Large-Cap Vs. Small-Cap: What to Play in '07

With the U.S. economy showing signs of a slowdown, some analysts are recommending a move from small-cap to large-cap investments. But Bill McVail of the Turner Small-Cap Growth Fund thinks both can work. He and Fifth Third Asset Management’s Mary Jane Matts debated the issue on “Morning Call.”

Matts says the slowing growth in the U.S. relative to growth overseas means small-caps will inevitably take a hit because of their “domestic orientation.” The strong growth the U.S. economy saw last year fueled a surge in the small-cap sector, but conditions seem to be reversing in 2007.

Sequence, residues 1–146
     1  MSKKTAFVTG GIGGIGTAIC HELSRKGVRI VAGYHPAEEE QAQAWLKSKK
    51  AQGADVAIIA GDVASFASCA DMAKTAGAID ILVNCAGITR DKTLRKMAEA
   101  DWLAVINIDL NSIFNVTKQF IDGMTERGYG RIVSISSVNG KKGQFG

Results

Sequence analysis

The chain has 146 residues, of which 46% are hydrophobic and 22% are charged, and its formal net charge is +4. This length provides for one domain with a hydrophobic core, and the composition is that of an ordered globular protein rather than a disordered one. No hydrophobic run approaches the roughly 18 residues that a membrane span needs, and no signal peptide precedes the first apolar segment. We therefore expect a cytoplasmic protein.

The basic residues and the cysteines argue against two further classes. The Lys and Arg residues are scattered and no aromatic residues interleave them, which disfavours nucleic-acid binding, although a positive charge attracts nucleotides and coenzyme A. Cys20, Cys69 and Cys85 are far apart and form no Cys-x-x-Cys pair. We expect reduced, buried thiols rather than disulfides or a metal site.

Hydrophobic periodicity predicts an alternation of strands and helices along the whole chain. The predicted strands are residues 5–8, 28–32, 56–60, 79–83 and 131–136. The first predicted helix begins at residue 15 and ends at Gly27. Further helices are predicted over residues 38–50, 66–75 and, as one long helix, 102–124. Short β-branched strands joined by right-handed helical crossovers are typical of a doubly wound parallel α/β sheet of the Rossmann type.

McVail sees good valuation in both large- and small-cap stocks, so there are solid plays for investors on both sides. But a slowing economy doesn’t necessarily preclude small-caps from outperforming, he says. As earnings growth slows, investors tend to look for growth – and they can find it in small-caps.

“Even in tough markets, there are always going to be great small-cap companies,” he says. He advises investors to have a long-term focus and hold both large- and small-cap equities.